By Pastor Anthony Scott
First Baptist Church North Tulsa
In the early 1990’s I was watching Major League Baseball’s summer classic, the All-Star game. This particular game has become one of baseball fans most cherished and humorous moments. On the mound was Randy Johnson who stands 6-8 inches tall and at the plate was pudgy John Kruk. Randy’s unorthodox delivery coupled with his height made his pitches nearly impossible to hit. Swing after swing John Kruk became increasingly frustrated at his inability to zone in on this incredible fastball being hurled at him by this gigantic man. Finally, he just gave up because the pitches being thrown were impossible to hit.
John R. Claypool noted once in a sermon, “What you do to life is just as important, perhaps even more important, than what life does to you. We humans are not free to choose what happens to us circumstantially, we are free, however, to choose how we will respond to these circumstances. I do have a voice in the kind of future that will emerge out of the present. Life is a perennial interaction of event and response, and what I choose to make of a given situation will have a direct bearing on the ultimate shape it assumes.”
The life of Joseph covers nearly the final third of the Book of Genesis. As you read the narrative of this patriarch’s life you find blow after fatal blow being tossed at Joseph but he always finds a creative response to the ambiguous packages delivered by life’s circumstances. This is what life does to people occasionally, our familiar foundations are taken away, a loved one passes, your job is downsized or eliminated, and suddenly your whole world is flipped inside out.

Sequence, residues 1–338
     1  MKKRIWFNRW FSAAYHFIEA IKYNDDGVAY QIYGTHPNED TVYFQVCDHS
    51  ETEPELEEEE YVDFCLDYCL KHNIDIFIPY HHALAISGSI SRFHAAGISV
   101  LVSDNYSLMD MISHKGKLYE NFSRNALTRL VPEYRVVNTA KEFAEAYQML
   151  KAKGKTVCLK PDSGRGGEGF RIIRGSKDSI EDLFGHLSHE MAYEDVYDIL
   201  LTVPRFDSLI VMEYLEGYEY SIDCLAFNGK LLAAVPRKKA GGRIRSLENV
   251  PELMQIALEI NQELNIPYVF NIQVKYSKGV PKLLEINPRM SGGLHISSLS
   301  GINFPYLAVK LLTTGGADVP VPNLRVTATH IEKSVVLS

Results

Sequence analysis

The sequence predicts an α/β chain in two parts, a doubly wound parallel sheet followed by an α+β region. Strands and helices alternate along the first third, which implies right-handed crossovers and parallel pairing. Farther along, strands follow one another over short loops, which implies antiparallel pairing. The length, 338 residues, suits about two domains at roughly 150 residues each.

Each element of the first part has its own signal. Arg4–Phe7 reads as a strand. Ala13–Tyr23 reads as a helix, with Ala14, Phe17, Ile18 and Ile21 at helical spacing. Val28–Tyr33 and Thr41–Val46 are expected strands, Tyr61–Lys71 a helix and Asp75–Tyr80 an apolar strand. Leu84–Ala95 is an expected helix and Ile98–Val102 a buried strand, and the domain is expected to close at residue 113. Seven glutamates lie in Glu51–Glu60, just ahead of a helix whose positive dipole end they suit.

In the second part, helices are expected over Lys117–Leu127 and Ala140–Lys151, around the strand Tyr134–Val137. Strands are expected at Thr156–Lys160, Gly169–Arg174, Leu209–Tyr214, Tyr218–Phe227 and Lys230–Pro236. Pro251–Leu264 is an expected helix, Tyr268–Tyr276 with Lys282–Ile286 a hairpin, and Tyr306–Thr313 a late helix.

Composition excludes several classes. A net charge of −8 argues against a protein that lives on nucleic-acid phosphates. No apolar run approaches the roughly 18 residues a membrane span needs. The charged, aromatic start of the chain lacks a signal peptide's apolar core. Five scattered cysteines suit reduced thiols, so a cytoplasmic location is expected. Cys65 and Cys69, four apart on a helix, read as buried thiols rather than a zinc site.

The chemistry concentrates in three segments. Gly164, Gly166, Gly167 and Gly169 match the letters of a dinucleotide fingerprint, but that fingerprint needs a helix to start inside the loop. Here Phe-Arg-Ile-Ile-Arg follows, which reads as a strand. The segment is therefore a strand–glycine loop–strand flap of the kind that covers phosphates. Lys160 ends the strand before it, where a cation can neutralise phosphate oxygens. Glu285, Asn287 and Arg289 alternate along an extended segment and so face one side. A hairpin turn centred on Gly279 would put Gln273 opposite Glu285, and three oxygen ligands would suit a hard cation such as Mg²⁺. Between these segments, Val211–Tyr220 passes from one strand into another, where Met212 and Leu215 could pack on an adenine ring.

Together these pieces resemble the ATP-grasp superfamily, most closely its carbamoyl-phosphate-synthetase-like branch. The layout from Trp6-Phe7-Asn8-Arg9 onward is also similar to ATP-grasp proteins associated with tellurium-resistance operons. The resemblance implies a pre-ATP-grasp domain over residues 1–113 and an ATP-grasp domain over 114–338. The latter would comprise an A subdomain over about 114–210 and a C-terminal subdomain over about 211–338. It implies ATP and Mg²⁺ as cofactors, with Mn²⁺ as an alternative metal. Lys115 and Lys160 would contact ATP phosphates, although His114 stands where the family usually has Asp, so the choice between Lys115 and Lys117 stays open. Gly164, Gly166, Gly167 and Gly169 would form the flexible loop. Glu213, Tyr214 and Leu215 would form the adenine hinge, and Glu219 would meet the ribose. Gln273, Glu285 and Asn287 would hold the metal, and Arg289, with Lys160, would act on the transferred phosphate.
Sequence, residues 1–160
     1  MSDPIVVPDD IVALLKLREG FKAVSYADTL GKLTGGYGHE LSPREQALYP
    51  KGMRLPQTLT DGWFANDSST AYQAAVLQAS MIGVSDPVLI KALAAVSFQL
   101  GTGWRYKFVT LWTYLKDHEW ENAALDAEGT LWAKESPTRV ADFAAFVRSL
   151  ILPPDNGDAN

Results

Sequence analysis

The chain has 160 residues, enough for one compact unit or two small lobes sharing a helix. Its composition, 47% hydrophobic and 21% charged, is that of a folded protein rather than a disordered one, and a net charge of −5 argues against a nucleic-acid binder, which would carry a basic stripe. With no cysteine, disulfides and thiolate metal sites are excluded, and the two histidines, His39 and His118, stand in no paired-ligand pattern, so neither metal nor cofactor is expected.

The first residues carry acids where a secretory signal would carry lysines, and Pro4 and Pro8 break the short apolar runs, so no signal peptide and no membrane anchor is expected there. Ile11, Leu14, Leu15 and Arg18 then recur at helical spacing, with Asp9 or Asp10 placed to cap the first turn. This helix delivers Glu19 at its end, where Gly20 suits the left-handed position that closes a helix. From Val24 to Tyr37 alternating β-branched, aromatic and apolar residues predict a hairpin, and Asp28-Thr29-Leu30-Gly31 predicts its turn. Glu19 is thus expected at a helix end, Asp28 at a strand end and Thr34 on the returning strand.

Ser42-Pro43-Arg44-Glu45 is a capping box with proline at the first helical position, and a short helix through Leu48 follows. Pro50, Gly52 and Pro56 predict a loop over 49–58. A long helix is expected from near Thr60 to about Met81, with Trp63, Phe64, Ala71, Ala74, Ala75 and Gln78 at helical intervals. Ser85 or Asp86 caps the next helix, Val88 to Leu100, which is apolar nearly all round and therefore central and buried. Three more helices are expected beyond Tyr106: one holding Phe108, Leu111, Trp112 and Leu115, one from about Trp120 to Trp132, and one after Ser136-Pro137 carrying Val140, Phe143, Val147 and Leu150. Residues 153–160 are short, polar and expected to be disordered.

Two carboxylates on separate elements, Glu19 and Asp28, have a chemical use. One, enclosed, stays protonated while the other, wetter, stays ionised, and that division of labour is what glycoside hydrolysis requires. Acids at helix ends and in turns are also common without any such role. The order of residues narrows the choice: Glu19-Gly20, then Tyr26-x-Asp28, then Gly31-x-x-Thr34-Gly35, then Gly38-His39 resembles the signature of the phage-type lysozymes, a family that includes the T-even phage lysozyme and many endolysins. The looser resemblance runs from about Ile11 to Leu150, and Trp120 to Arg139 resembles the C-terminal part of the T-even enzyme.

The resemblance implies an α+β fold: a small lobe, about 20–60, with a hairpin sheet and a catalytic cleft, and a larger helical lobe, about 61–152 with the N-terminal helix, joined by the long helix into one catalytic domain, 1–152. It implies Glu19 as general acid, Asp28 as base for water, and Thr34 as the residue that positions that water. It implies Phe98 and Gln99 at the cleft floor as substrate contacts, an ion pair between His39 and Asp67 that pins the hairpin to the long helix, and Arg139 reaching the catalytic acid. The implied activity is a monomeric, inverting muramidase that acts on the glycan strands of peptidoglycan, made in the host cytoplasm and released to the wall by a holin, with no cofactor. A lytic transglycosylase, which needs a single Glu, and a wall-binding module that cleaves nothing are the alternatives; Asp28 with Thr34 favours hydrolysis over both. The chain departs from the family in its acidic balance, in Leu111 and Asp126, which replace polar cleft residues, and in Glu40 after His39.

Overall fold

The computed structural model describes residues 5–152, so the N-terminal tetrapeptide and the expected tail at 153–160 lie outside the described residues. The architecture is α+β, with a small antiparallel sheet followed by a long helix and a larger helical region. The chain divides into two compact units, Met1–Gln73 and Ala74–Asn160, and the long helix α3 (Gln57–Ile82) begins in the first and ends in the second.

When things don’t work out perfectly, and we come to a place of desperation, we can conclude one of three things. We can believe that God created the heavens and the earth and now just sits back and watches us and therefore we are simply caught in a cause-and-effect sequence. We can believe that God is not really sovereign and that He has limited power or no control over our circumstances. Or, we can conclude that God is sovereign and nothing happens in our lives unless He allows or orchestrates it.
Joseph chose the latter response mainly because he had been given a particular faith in God out of his family heritage. His faith nurtured and contributed to his resilient capacity and enabled him “to answer back” creatively to life’s bitter hand. Joseph’s faith kept him from being overcome by events. Instead he overcame events and moved through them to live.
This perspective enabled Joseph to view all events from a wider perspective. He was able to creatively cope with life and courageously overcome circumstances due to his faith in a sovereign God. In every circumstance there was a “saving possibility,” some way that God has of bringing good out of evil and picking up the broken pieces so we can move forward. With God there is no such thing as a total tragedy; that is, a circumstance that is utterly devoid of any hopeful possibility. God can salvage good out of any wrecked situation.
Richard Baxter wrote, “Suffering so unbolts the door of the heart that the Word hath easier entrance.” Faith is tested in times of suffering. In the refining fires of life, we find what we are made of and who or what we are trusting. Robert Murray McCheyne summarized it this way: “A dark hour makes Jesus bright.”
In the latter part of the previous decade I was fixated on the NBA Finals and rooting for the Boston Celtics to overcome the Los Angeles Lakers for the second time in three years. On their way to the finals, the Celtics had been met with some devastating blows. One particular blow occurred during the Eastern Conference finals as they were pitted against the Orlando Magic. During one of the games Glenn “Big Baby” Davis was literally knocked unconscious by a Dwight Howard elbow. As he pulled himself up from the floor he began to stagger and stumble still not fully recuperated from the surprising blow. Floundering toward the sideline a referee noticed him and immediately moved in his direction. Just before Glenn Davis hit the floor the referee caught him and kept him from hitting the ground.
No matter what life does to you, no matter how awesome the blows seem or feel, God will be there to catch you when you fall. He will be your companioning presence in all that you experience.